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Patristic Comments on the First Monastic Reading

  READING FROM THE WISDOM OF SOLOMON [3:1-9]. But the souls of the righteous are in the hand of God, and there shall no torment touch them. In the sight of the unwise they seemed to die: and their departure is taken for misery, and their going from us to be utter destruction: but they are in peace. For though they be punished in the sight of men, yet is their hope full of immortality. And having been a little chastised, they shall be greatly rewarded: for God proved them, and found them worthy for himself. As gold in the furnace hath he tried them, and received them as a burnt offering. And in the time of their visitation they shall shine, and run to and fro like sparks among the stubble. They shall judge the nations, and have dominion over the people, and their Lord shall reign for ever. They that put their trust in him shall understand the truth: and such as be faithful in love shall abide with him: for grace and mercy is to his saints, and he hath care for his elect. When St. August

Meaning behind Vespers Old Testament Readings for Monastic Saints

  The Old Testament lessons (or parameia readings) for monastic saints reveal some interesting aspects of the monastic life, some of which are misunderstood in modern Orthodoxy, especially in America. The strongly Protestant-derived culture of the United States affects both those converting to Orthodoxy from Protestantism, but also those who have grown up Orthodox, but from within a non-Orthodox culture. What is immediately noticeable is the similarity between the readings for monastic saints and those for martyrs; two of the three readings are shared. Of the three monastic readings presented below, the first and the third are also used for martyrs. This somewhat helps define what it is to be a monastic: those who have chosen a living martyrdom. In the book of Revelation, when St. John the Theologian sees of the martyrs under the throne, there is a key word that speaks to this living martyrdom: “When He opened the fifth seal, I saw under the altar the souls of those who had been slain

Do We Need to Send Money for Missions?

And how do we apply all these ideas in our parishes today? Do we build our own mission parishes here at home or send money to foreign “missions”? I do not want to go too far, as if to suggest that the Protestant drive toward missions that I grew up with is completely misplaced, because, otherwise, “how shall they believe in Him of whom they have not heard?” And truth be told, their zealousness toward missions shames us. However, I would say that using money to support people to go and live among another culture often gives us a false sense of self-accomplishment. We feel like we are “doing missions”, but we choose to ignore the negative effects of what is actually happening. Your parish will choose how to use your money and how to engage in missions. However, there is one waning sign I would like to share, something that might be helpful in determining to whom or to what organization you should send your money. An organization totally focused on evangelism and without any mention of es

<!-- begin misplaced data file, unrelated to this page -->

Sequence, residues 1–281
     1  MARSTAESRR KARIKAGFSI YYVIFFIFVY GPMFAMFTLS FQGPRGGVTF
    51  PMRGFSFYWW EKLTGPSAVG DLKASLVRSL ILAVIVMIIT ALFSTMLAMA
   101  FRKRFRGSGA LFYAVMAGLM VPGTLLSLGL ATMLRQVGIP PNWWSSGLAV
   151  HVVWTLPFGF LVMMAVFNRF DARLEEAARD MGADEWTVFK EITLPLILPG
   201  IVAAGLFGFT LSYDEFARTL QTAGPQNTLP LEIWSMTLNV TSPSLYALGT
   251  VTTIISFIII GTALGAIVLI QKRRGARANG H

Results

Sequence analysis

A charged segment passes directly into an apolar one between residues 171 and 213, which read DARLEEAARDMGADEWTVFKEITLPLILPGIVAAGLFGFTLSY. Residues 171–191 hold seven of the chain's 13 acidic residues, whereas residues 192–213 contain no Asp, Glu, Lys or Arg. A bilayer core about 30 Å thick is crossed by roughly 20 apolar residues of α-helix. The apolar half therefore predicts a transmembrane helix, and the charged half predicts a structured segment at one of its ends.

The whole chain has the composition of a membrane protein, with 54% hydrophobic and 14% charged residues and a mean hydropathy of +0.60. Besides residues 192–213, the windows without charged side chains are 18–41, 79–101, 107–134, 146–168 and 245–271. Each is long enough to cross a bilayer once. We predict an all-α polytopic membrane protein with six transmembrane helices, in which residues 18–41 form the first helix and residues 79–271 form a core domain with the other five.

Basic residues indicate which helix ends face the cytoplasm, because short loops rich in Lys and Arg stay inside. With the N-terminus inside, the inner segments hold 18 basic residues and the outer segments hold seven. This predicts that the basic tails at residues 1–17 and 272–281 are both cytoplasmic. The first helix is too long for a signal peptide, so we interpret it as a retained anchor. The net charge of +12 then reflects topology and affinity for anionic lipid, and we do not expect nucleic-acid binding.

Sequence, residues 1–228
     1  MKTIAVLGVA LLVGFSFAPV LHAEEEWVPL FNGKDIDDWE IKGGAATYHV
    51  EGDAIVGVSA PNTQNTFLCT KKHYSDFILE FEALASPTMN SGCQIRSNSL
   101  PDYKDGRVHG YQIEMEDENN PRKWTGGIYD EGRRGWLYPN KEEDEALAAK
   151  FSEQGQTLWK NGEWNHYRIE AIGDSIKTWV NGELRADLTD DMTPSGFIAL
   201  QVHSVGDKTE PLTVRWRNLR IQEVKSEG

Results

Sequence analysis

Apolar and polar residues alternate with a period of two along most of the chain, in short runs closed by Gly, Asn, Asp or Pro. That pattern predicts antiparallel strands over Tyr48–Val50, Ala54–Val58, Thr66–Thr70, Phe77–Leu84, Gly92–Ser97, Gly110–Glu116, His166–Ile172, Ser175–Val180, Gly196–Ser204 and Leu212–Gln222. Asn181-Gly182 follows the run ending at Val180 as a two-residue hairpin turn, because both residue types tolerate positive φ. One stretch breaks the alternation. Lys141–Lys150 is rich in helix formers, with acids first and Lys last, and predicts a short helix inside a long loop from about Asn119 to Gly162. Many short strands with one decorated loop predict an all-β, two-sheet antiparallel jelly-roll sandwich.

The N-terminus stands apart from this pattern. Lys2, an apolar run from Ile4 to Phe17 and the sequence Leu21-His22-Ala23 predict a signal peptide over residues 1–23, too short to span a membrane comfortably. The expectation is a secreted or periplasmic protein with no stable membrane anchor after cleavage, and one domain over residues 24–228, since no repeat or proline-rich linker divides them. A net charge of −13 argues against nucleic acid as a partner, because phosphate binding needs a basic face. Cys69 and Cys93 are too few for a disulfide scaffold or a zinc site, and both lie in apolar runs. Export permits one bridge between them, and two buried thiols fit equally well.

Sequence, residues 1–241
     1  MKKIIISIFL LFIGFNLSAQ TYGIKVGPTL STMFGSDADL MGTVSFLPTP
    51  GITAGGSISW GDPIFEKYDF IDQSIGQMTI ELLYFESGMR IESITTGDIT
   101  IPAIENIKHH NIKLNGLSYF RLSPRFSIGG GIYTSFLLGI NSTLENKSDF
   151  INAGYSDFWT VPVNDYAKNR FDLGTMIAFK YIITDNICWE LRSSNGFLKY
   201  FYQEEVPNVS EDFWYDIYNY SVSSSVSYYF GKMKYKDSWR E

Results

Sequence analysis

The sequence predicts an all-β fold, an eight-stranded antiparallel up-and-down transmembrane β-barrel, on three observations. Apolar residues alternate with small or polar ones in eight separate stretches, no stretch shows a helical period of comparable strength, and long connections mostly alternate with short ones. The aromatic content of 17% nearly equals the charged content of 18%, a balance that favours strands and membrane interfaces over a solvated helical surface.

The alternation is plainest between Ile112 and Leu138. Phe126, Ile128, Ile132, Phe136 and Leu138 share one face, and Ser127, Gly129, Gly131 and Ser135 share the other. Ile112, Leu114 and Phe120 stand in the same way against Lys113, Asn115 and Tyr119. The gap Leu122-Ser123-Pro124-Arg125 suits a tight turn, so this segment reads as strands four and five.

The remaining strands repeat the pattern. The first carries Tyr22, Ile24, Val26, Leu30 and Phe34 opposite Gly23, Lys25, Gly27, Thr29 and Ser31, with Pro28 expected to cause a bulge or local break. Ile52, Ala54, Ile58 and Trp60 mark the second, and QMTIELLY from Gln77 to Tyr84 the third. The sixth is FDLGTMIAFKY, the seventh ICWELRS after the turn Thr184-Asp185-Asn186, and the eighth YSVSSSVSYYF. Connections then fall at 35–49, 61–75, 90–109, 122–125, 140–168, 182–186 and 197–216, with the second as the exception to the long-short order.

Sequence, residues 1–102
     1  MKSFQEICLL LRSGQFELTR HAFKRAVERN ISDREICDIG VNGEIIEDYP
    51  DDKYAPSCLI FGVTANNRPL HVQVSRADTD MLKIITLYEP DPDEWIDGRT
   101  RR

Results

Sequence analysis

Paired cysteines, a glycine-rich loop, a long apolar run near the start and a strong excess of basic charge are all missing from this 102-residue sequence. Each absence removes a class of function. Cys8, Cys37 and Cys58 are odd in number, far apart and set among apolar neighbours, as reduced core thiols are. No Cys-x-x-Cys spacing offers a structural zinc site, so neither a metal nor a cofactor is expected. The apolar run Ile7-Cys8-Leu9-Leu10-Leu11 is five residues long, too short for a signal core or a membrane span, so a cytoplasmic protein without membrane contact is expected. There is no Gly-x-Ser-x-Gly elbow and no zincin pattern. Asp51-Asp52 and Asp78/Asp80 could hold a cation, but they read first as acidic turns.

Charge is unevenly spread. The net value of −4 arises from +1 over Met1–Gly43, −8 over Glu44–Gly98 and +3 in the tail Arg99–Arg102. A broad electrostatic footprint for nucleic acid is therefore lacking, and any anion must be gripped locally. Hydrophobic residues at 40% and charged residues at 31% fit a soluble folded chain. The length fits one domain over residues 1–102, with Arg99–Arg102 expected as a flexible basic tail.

A Problematic Viewpoint of Monks in Missions

 “If you are called to be in the monastery, you better not go [into missions], and if you are called to go, you better not be in the monastery.” How these words came from the mouth of an Orthodox Christian deeply involved in missions, I cannot understand. In context, it was clear that this viewpoint came from someone who sees monasteries as merely a place to provide spiritual health to parishioners in the world, maybe something like a retreat center. Even if that was all monasteries were, then we should we not start monasteries wherever we are involved in mission so that the host people can also have the benefit of that spiritual guidance? But it is not a well thought out viewpoint; it is (as a best case scenario) an accidental misunderstanding of monasticism and the various vocations of the Christian faith, likely from a leftover Protestant, Romo-phobic viewpoint. Point 1 : the easiest case to make for monastics in missions. Later in the same person’s talk, there was an encouragement

What Is Incarnational Missions?

 The term “incarnational missions” is one of those catch phrases used so much it almost lacks any meaning when we hear it now. It seems that now, all it really means is ‘to go and live among a people’. The idea of incarnational missions is based on the Incarnation of Christ, God taking on flesh, the uncreated entering into the created. St. Gregory of Nazianzus’s oft-quoted, “that which is not assumed is not healed”, not only helps us understand the impact of God’s Incarnation, but would naturally also extend to incarnational missions. As for the Incarnation of Christ, he becomes fully man...every aspect of man. Therefore, every aspect of man is healed as it is united to God. And in missions, the extent to which we are truly incarnational will be the extent to which the world will be able to be healed by the gospel message. In the past twenty-five years, as we have watched “old school” Protestant mission efforts be retired out and new missions methodology implemented, we have also seen